Assessment is a fact of life for educators. The days of “leave me alone and let me teach” are over. By that I mean that, in today’s world, it’s not enough to be a great teacher, you have to prove that you are a great teacher.
Not only that, but programs must prove that they are teaching what they say they are teaching. And, after much wrestling with the idea, I agree that stakeholders have a right to know that there are ways to measure quality without relying just on the instructor’s say-so.
Here is a good video about how assessment and teaching go hand-in-hand:
So, this web site’s second mission is to provide some feedback on assessing the quality of public speaking instruction. I also go into other “communication” course materials here because they often overlap with presentations and, as I will discuss later, a smart assessment can hit multiple learning outcomes.
Much of my advice comes from many years of assessing SPCH courses in the Dallas County Community College. I had the pleasure of working for many hours with my colleagues Delryn Fleming, Julie Perez, Cheryl Dyer-Vargas, Quentin Wright, and Anne Grissom.
The key to great assessment is knowing your audience: Who actually cares about the data you collect? In my experience, assessment data mainly flows up. Departments report to divisions. Divisions report to colleges. Colleges report to districts or university systems. Colleges and programs also report to the government and/or accreditation agencies. As the levels progress, the information becomes broader and the goals larger, if not murkier.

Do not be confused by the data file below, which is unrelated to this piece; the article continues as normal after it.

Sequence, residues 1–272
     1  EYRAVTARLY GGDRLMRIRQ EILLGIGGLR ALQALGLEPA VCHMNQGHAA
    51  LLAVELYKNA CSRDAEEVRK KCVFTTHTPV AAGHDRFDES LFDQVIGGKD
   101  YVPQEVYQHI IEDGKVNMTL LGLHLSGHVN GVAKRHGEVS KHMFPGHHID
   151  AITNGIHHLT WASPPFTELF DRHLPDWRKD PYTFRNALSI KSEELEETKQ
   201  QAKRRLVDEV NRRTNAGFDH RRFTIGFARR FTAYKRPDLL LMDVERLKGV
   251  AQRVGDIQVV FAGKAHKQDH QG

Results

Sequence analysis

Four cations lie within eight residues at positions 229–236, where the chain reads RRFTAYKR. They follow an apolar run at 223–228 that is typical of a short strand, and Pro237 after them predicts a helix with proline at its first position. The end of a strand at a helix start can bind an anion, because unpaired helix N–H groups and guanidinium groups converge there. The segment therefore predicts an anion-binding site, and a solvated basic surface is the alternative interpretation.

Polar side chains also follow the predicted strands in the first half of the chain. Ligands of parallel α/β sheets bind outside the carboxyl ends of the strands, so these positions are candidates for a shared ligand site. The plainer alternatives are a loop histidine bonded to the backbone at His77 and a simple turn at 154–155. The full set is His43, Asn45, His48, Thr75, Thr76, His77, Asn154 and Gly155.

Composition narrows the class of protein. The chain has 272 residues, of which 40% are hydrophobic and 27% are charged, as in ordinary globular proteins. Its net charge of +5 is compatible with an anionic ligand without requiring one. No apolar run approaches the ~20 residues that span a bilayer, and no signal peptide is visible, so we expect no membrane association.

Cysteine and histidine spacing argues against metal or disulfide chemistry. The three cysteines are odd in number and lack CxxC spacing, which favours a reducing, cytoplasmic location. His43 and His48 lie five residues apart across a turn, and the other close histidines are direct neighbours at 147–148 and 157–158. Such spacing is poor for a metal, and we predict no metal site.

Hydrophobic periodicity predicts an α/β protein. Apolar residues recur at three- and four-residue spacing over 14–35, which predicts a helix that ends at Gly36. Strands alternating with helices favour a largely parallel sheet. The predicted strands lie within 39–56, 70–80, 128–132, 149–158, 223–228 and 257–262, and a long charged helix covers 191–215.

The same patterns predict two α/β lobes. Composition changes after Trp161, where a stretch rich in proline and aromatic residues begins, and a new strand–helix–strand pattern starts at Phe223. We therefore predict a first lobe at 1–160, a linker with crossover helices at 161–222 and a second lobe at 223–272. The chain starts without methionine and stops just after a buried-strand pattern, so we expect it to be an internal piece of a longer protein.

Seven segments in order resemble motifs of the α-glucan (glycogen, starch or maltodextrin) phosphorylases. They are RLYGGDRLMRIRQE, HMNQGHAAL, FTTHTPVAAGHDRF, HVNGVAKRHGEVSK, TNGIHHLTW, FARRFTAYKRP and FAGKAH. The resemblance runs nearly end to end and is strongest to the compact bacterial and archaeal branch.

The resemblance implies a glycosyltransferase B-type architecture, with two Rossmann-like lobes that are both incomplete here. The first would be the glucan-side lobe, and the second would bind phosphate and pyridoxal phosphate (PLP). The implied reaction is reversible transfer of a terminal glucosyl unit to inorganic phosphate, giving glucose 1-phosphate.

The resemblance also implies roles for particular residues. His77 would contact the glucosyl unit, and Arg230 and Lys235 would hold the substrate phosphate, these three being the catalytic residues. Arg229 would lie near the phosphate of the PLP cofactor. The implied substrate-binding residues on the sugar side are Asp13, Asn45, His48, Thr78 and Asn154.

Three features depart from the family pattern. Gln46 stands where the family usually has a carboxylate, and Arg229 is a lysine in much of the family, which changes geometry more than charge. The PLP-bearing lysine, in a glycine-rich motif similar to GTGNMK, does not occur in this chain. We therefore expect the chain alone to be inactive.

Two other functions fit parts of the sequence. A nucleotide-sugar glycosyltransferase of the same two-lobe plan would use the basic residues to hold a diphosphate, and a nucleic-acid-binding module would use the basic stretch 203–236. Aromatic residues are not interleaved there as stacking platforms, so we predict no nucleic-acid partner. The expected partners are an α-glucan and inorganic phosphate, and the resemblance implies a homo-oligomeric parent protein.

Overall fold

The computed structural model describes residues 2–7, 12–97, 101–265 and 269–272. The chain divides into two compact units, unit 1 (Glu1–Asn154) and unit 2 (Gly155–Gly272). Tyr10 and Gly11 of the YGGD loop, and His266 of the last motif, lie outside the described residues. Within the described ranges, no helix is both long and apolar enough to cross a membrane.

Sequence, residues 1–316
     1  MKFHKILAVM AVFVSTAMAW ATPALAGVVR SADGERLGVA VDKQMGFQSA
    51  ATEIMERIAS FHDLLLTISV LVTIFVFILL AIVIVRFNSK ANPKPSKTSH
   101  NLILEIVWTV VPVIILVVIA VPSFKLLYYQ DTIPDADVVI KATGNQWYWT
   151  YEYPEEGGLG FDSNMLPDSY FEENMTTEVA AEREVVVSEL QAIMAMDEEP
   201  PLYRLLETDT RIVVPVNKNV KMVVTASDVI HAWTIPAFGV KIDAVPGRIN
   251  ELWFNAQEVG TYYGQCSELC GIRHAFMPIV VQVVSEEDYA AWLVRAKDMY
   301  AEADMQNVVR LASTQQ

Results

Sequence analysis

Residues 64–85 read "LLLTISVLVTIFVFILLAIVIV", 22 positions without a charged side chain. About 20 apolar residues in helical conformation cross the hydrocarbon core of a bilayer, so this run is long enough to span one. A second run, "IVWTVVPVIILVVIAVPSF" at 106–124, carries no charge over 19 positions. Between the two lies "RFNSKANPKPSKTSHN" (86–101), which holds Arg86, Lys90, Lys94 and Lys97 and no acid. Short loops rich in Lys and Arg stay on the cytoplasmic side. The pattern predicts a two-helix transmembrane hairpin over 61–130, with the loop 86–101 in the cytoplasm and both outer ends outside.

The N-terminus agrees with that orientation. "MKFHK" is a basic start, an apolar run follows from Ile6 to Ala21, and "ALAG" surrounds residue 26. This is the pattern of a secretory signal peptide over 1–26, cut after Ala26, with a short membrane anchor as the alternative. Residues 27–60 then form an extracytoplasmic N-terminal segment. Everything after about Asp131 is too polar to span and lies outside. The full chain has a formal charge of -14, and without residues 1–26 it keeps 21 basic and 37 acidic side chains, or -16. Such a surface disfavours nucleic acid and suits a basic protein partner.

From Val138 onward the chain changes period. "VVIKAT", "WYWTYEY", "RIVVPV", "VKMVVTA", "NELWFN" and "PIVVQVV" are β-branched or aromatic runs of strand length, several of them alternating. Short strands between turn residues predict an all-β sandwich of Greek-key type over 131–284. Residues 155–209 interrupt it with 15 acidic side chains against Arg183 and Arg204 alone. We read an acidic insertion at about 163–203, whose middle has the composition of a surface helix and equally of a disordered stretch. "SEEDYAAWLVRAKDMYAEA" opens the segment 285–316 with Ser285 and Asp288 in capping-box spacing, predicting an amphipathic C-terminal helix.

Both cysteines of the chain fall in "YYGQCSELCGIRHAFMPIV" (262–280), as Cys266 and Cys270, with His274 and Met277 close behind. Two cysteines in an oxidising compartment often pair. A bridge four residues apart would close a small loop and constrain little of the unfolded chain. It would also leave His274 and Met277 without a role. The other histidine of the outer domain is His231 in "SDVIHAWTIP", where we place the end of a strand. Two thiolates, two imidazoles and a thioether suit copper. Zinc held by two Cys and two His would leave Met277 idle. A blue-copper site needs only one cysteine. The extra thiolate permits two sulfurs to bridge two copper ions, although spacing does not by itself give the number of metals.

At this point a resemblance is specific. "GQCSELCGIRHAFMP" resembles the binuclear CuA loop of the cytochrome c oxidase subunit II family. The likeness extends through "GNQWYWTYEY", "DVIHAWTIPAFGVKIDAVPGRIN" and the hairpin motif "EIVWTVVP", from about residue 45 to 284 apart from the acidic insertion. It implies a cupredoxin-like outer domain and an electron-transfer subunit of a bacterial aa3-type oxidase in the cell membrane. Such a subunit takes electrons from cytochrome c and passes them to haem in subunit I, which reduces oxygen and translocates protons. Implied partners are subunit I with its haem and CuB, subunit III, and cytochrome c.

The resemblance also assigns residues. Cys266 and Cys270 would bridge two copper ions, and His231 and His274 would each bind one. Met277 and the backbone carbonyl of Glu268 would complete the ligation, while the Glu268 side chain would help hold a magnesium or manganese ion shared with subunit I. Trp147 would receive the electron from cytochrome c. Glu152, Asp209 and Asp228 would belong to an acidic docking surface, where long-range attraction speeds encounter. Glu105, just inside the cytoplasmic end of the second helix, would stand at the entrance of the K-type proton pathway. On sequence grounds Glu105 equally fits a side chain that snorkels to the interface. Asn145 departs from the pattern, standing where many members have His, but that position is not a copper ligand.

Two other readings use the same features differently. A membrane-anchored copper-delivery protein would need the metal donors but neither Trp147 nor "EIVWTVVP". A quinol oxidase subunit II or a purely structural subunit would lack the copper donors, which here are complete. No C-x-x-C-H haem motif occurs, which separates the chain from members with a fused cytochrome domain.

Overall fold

In the private sector, trainers report to a variety of managers and other stakeholders (not to mention the participants, especially if they paid for the course).
Not to be too negative, but there will be many times when you will feel like nobody really cares. There also will be times when the ground shifts from under your feet. For example, I personally spent many, many hours coming up with a very useful assessment of listening skills, only to be told, “never mind, we didn’t really expect you to assess that.”
If your college has an assessment coordinator, consider yourself lucky. Personally, I believe there should be a Vice President of Assessment at every college, and a Vice Chancellor of Assessment at every university or district. Without that level of coordination, chaos rules.
One more note about your audience: Don’t forget about you! At its best, assessment guides us. With clear, useful data, you can better your teaching, and isn’t that what great teachers constantly do?
Okay, so now that we’ve identified the purposes for assessment, we need to think about how to approach it. To that end, I have two sections to this web site devoted to assessment: